“For now we see in a mirror, dimly, but then face to face. Now I know in part, but then I will know fully, even as I was also fully known.”
1 Cor.13:12, WEB
I have stood at death beds more times than I care to. In my ministry and in my family, I have witnessed the final whispers and gestures of this life. As this life ebbs, life which shall be turns tangible. There can be a glimpse of celestial vision. There may be exclamations of new understanding. There is often a blanket of peace which descends upon body and soul. A transition is taking place. The worlds of earth and heaven are being exchanged. What was obvious and flooded in light becomes shadow. What has been hoped for, but unseen, appears as a sunrise. What’s happening? I will let other theologians, doctors, and psychologists have their own say. Here is my sense from the Scriptures.
I am told that some who have been deprived of one of their five senses often find that another sense becomes acute. Those who have lost their sight may have sensitive hearing. The heightened senses do not experience automatic exchange, but a sensitivity nurtured by use. In the loss of one way to perceive, another way is opened. I believe the same principle is at play when we die. As death approaches, there is often a diminution of our physical senses. Those five tools we employed to experience and explore life become weak. They are no longer sufficient for what is ahead. But God is not far, and His gifts are not gone. In their place, God grants faith. God empowers this gift of seeing what was invisible to discern what has been real all along, but beyond the reach of our physical radar. The “dim mirror” Paul refers to, becomes translucent.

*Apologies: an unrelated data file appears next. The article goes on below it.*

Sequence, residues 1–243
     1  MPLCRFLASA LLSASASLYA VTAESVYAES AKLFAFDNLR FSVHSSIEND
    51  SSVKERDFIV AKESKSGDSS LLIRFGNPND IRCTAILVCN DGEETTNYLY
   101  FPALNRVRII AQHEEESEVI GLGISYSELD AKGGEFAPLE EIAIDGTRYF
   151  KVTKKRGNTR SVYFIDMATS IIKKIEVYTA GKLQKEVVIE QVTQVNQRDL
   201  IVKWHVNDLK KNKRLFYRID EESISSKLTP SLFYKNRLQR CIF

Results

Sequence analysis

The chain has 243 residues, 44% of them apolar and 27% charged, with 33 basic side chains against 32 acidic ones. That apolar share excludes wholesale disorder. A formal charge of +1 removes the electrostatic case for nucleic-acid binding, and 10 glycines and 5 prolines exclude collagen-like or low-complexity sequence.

The Pursuit of God by A.W. Tozer is a must read for all believers. In it, he writes of faith as a sixth sense given to us by God. The gift of spiritual perception is granted to all believers, but Tozer suggests, “The world of sense intrudes upon our attention day and night for the whole of our lifetime…sin has so clouded the lenses of our hearts that we cannot see the other reality…the world of sense triumphs. The visible becomes the enemy of the invisible…” Of course, it doesn’t have to be that way. The material only obscures the spiritual if we live by 5 senses and not by 6. When we live materialistically, we allow faith to be dormant. Faith that is un-used or un-exercised, leads to a spiritual world that is un-known.
“Every man must choose his world,” writes Tozer. We live in a reality where the visible and invisible are conjoined twins. They are not the same, but neither are they separate. They co-exist, and I can explore both. By grace, I choose to give my 5 senses their proper role. There are things I know by sight, sound, touch and taste. But likewise, there are things I know by trust. Since our senses are nurtured by use, I want to live now in such a manner, that on my death bed, my trained faith will guide me. I won’t be surprised by what I see.